This is indeed a great question. I basically agree with dfan: start with the records where the performers were taking baby steps out from hard bop and they'll carry you with them. I myself had the same problem; I first fell in love with Jelly Roll Morton, then Louis and the Duke, made my way to hard bop, but couldn't cross the barrier to free for a while. Give it time, and you may have to experience something a number of times before it clicks (this happened to me with Cecil Taylor). As always with jazz questions, I highly recommend The Penguin Guide to Jazz; their taste is excellent and their description will give you a good idea of whether you might find something appealing. (Plus these days you can often listen to a thirty-second sample online, which is a great help.)

But we all have our limits. I don't expect ever to enjoy Machine Gun.
posted by languagehat at 8:56 AM on March 13, 2012 [2 favorites]

I find Pharaoh Sanders work a very engaging and laid-back style of free jazz.
posted by jade east at 9:16 AM on March 13, 2012

I'm agreeing with dfan and the 'hat (who's been a great jazz guide for me). The way to get used to the language of free jazz is to trace how it emerges from hard bop. Don't dive right in to Albert Ayler. Instead, look to the intermediate steps.

Eric Dolphy is an obvious place to go. But you know, I became a bit more open to freer playing after I spend some time with Jackie McLean's free-ish hard bop records from the early-mid 60s. Maybe start at "Let Freedom Ring," then move through "Vertigo" to "Destination Out" & "Action." This isn't free jazz; it's playing that's pushing the free ends of hard bop. But inhabit these records for a while, and maybe you'll be primed to take further steps?
posted by .kobayashi. at 9:21 AM on March 13, 2012

So, I'm a Jazz Musician, but I'm not YOUR Jazz Musician:

Free Jazz isn't structure\pattern free. You just have to work to find them. Maybe, acclimate yourself to them is a better way to put it.

Now, I think working your way chronologically makes a lot of sense. These players were creating in the context of what else was going on, and had happened in the music world at the time. Personally, I don't think there's a much better place to start than A Love Supreme. Oh and, the documentary Imagine the Sound is a great way to get an handle on some of the history and context that helped to form free jazz.
posted by Gygesringtone at 9:39 AM on March 13, 2012 [2 favorites]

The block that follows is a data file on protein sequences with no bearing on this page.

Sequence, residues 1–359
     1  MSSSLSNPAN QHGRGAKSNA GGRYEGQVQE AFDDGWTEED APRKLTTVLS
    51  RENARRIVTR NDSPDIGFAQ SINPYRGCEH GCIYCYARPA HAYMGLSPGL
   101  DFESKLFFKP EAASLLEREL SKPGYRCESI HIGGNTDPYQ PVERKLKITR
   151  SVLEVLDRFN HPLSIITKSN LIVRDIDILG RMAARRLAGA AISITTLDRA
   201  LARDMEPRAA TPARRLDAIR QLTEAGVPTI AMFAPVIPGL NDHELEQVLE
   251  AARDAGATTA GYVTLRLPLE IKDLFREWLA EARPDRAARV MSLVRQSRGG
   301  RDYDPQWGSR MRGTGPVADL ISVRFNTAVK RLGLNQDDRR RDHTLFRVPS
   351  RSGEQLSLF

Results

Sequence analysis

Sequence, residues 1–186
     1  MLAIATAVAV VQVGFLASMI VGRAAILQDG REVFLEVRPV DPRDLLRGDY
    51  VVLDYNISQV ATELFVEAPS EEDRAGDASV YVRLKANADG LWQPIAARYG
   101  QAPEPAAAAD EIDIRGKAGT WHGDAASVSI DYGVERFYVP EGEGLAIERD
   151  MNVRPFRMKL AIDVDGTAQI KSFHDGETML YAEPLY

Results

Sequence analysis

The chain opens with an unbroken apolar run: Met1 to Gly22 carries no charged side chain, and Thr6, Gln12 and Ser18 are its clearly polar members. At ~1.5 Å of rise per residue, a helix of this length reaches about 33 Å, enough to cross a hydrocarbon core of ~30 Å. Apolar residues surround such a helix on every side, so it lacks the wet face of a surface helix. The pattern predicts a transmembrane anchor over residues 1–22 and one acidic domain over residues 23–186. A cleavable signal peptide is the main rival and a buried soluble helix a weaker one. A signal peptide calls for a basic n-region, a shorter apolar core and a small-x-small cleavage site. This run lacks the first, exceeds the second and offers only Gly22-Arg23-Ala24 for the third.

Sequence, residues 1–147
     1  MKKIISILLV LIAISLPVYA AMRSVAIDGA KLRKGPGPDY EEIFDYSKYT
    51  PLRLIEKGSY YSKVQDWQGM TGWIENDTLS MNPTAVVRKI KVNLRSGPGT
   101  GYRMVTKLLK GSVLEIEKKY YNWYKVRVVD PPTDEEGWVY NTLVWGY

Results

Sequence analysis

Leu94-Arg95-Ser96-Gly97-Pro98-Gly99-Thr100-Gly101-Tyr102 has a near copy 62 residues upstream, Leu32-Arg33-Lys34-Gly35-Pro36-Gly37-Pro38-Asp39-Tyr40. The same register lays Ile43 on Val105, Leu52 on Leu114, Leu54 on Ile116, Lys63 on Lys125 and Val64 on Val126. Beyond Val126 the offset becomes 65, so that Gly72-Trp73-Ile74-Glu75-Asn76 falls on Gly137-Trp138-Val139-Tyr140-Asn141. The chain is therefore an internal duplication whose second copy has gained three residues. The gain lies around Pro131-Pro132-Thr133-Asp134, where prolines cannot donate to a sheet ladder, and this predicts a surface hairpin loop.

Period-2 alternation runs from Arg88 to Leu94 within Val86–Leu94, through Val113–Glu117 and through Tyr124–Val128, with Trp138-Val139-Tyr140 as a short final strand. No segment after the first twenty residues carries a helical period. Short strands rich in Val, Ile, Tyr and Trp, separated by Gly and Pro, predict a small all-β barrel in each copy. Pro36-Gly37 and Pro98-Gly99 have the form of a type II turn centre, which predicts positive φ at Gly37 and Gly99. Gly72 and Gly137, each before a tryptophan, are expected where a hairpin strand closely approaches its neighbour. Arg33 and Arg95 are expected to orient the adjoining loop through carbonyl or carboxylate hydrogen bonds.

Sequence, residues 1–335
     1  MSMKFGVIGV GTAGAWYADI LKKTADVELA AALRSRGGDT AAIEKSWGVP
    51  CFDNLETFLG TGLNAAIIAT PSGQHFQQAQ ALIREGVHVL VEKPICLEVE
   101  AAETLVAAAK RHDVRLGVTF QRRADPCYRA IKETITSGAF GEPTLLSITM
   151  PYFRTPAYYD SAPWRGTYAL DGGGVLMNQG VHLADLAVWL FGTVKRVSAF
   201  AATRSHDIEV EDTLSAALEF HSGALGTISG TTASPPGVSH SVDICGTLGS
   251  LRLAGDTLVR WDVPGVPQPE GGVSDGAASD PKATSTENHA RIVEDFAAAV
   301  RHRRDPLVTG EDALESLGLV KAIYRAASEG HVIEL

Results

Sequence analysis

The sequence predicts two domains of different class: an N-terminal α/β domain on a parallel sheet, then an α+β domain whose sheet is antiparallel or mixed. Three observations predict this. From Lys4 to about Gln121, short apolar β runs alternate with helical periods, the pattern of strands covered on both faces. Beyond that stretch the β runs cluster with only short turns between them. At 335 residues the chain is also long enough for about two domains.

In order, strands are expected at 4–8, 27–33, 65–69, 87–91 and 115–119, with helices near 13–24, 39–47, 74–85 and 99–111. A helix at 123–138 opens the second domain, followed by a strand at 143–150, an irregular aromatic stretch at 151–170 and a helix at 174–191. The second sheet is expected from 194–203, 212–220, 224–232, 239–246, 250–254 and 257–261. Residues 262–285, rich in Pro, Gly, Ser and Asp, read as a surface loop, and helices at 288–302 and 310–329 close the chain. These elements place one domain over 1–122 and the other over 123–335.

That's funny, kobayashi, I was just gonna say that Albert Ayler was my gateway into this stuff. If you listen to something like Truth Is Marching In you can hear a clear link into traditional music — in fact, mostly into folk and pre-bebop jazz, which makes it an outlier in the free jazz world, but whatever. I found that that stylistic link let me hear a context for the wilder gestures and textures, and then that gave me a way of thinking about something like Ghosts which is in some sense pure gesture and texture.

Maybe Ayler worked for me because I don't actually really "get" hard bop either, so that door in wasn't open to me.
posted by nebulawindphone at 9:45 AM on March 13, 2012

I am a huge 60s/70s jazz fan, and I never cared much for free jazz. I'm okay with this, just my tastes.

This may not be applicable to you, but....I once listened to the very free Coltrane album Interstellar Space while tripping...and it made 1000% more sense than anytime I listened to it sober. I'm pretty sure Coltrane was high as a kite when it was recorded.

Now I'm not saying you need psychoactive substances to enjoy free jazz. But a couple drinks or smoking a joint might help to broaden your perceptions.
posted by gnutron at 9:48 AM on March 13, 2012

Personally, I don't think there's a much better place to start than A Love Supreme.

I'll second this - it's about as advanced as I can get in the Coltrane catalogue, although I have Interstellar Space, Ascension, and Meditations. I just can't get into those last three, but Love Supreme is still close enough to bop that I can wrap my head around it. And, as great as Coltrane is, McCoy Tyner fucking rules on that record. I'm a huge Mingus fanboy as well, but after Love Supreme is still where I hit a comprehension wall.

I think for a deeper appreciation, lessons in music theory may be helpful. Pre-free jazz tends to be more based on melodic or rhythmic improvisation, while the free stuff is, according to my jazz history class, more based in modes and scales and more underlying stuff that isn't quite apparent to the average listener. Maybe all that doesn't really matter, in the same way that, as Shepherd indicates, it's not completely necessary for you to know how Jackson Pollack did what he did to appreciate the end product, but it's probably informative at least.